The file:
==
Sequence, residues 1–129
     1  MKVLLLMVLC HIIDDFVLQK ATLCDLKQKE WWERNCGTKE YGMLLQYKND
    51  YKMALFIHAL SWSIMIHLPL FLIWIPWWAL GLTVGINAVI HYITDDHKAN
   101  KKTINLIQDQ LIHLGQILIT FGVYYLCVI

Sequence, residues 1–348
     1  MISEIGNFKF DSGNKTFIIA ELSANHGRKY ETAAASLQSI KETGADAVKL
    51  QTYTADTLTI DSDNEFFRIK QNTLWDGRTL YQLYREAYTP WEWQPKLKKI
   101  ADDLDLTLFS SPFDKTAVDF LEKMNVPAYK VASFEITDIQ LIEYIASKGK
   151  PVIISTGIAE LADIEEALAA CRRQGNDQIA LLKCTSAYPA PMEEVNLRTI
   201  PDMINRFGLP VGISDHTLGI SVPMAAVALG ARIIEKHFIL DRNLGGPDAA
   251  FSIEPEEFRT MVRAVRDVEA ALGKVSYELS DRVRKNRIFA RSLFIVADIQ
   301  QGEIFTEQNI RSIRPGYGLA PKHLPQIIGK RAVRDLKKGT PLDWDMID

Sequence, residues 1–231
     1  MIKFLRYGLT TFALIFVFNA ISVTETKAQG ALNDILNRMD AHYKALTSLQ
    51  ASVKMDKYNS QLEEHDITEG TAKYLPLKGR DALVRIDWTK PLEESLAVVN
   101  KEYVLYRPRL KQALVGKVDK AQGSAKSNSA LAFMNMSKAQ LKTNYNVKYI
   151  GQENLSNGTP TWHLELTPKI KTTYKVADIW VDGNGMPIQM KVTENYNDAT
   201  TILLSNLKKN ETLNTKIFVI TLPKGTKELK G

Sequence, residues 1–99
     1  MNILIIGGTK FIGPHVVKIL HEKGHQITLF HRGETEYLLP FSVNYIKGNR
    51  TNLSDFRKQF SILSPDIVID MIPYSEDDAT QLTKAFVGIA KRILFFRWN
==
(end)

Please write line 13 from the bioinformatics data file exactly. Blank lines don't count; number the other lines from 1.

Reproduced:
Sequence, residues 1–231